‘National Populism: the Revolt Against Liberal Democracy’. By Roger Eatwell and Matthew Goodwin (Penguin £9.99)
‘National populism,’ the authors tell us, ‘is an ideology which prioritizes the culture and interests of the nation, and which promises to give voice to a people who feel that they have been neglected, even held in contempt, by distant and often corrupt elites.’ The word ‘national’ is added to distinguish it from left-wing populism, as seen in Podemos in Spain and Bernie Sanders in the US. (For a socialist take on populism, see the March 2018 Socialist Standard.)
The book is, however, not mainly concerned with the views of populist politicians, and certainly not with how they fare when in government. Rather, it emphasises the characteristics and opinions of those who support them. The authors have little difficulty in showing that national populism is not backed solely by the poor and the unemployed, or by angry old white men. Many people under forty support populists, but one significant point is that people without university degrees are more likely to vote for populist candidates (Trump, for instance).
The reasons why increasing numbers side with national populist candidates are said to include distrust of politicians and other elites (who are rich and had expensive educations) and the weakening of links to mainstream parties, which also lies behind the growth of the Greens and parties like the SNP. The increase in inequality over recent decades is also seen as a major factor, with a feeling of relative deprivation giving rise to political action.
But what marks national populism out from the less successful left-wing populism is its attitude to immigration and what Eatwell and Goodwin call ‘hyper ethnic change’. This is where national populists really tap into many people’s concerns that their way of life is undermined by large-scale immigration, especially of Muslims. And here the book becomes rather unpleasant: racism is defined in narrow terms (so discrimination is not in itself racist), and is contrasted with xenophobia, ‘a distrust and rejection of that which is perceived to be foreign and threatening’. Blatant racism is said to be less successful than appeals to culture and values, yet national populists accept ‘the critical importance of ethnic ancestry’ and want to ‘stem the dwindling size of their group [and] advance its interests’. This is just a euphemism for white people wanting to discriminate against non-whites, or general discrimination against those from abroad.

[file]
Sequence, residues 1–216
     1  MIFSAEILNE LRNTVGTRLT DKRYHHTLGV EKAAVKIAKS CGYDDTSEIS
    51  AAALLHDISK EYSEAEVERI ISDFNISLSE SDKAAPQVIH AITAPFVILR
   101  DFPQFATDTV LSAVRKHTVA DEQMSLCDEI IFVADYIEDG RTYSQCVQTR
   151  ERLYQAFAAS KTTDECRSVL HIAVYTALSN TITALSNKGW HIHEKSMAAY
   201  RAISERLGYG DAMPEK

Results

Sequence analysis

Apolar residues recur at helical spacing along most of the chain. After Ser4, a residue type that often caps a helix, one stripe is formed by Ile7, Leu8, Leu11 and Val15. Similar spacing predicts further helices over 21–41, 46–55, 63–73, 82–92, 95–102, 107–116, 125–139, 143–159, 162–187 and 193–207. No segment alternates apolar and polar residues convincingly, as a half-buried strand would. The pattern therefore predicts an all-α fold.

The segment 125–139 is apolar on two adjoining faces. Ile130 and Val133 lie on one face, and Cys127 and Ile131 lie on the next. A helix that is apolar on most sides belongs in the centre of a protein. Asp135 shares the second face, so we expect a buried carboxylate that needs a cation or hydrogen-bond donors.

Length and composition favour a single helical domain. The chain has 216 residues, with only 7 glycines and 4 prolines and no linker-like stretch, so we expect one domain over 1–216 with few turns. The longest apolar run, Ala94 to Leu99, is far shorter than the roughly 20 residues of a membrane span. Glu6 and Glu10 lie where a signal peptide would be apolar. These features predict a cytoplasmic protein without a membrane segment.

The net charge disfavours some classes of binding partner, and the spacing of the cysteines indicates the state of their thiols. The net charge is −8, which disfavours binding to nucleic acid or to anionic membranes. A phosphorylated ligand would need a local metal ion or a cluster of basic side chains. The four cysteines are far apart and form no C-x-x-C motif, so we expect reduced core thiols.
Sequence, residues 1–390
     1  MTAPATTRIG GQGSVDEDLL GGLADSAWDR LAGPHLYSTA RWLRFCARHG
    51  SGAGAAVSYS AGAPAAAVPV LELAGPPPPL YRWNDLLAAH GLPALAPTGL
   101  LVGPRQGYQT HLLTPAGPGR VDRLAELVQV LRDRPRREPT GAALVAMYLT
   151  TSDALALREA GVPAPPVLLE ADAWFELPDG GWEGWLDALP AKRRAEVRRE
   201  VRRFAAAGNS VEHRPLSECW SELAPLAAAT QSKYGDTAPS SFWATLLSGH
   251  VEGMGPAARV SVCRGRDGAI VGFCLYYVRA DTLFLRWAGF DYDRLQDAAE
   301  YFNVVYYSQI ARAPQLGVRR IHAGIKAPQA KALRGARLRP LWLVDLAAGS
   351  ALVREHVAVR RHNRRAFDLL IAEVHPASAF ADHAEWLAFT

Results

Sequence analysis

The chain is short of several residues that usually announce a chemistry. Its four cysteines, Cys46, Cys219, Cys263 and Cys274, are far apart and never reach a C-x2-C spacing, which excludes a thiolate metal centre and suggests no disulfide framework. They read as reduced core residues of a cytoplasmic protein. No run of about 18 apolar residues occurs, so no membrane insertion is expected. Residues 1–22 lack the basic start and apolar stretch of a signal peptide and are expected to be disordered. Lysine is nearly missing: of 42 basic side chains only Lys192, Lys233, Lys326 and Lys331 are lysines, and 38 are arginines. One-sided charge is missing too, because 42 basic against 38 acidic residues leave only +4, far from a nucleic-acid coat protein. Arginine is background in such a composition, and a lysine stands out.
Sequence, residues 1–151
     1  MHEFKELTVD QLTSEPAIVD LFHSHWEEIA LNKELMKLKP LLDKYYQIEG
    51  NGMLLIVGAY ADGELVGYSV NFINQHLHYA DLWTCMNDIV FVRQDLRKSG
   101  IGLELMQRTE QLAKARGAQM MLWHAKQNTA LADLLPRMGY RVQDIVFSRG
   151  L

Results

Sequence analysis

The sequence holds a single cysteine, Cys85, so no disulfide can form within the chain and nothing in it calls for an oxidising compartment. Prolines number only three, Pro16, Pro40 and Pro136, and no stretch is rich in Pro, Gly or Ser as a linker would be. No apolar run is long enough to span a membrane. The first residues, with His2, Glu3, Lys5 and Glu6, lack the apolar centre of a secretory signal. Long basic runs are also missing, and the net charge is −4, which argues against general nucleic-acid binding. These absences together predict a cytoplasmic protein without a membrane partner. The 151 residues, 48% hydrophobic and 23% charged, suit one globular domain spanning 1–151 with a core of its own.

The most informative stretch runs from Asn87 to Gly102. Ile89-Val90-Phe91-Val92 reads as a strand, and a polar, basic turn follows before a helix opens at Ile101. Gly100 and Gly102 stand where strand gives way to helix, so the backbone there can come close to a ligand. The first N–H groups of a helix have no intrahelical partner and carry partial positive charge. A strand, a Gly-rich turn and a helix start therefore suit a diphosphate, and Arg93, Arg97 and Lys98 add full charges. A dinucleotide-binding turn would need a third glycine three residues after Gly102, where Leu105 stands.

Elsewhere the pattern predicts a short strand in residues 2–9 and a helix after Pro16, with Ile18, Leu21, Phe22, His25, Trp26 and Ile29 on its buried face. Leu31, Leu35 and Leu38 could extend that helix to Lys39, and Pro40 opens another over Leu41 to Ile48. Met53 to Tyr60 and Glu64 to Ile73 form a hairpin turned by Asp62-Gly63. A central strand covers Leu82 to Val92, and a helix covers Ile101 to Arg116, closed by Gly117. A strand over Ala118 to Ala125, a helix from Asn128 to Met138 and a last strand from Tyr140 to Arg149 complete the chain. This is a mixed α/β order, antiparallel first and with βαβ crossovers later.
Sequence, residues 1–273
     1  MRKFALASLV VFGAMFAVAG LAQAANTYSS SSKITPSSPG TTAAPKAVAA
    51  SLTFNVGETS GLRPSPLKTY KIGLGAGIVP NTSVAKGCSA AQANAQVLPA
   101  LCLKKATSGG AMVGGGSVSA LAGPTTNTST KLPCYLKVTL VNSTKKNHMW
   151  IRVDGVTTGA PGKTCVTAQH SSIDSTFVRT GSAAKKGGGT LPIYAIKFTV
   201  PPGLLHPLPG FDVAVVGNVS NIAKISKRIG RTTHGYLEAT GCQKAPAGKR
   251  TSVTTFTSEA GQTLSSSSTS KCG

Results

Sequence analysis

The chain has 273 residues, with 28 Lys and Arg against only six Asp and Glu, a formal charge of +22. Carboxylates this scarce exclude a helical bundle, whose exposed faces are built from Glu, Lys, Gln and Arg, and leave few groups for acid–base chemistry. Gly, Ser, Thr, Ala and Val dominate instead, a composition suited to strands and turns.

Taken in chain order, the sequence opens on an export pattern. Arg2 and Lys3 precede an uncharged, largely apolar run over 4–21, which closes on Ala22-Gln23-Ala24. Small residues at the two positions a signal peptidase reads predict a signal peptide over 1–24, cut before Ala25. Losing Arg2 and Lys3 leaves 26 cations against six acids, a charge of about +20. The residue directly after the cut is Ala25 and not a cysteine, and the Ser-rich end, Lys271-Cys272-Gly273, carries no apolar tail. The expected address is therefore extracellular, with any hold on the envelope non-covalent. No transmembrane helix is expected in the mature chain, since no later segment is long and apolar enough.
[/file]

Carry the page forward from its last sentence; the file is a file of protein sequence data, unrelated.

The authors accept that national populism has a dark side, on which they say very little, but also maintain that it raises ‘uncomfortable but legitimate issues’. However, they do not clarify who counts as a national populist, and, for instance, say little about Latin American populists. Many writers would regard Recep Erdoğan in Turkey as a populist politician, but here he is seen as part of a Muslim plot, arguing that Turkish families in Europe should have lots of children. His repressive rule can therefore be overlooked, as is that of the uncontroversially populist Viktor Orbán in Hungary, where a law was recently passed increasing the amount of overtime that employers can demand from workers.
Above all the book provides no evidence whatever that populist leaders can in any way deliver on their promises. They have allegedly ‘set out an alternative to the status quo’, by which is meant higher pay and more infrastructure projects. This is no alternative at all, for populism, national or otherwise, accepts the existence of capitalism and its elite – the capitalist class – and combines this with intolerant and authoritarian policies.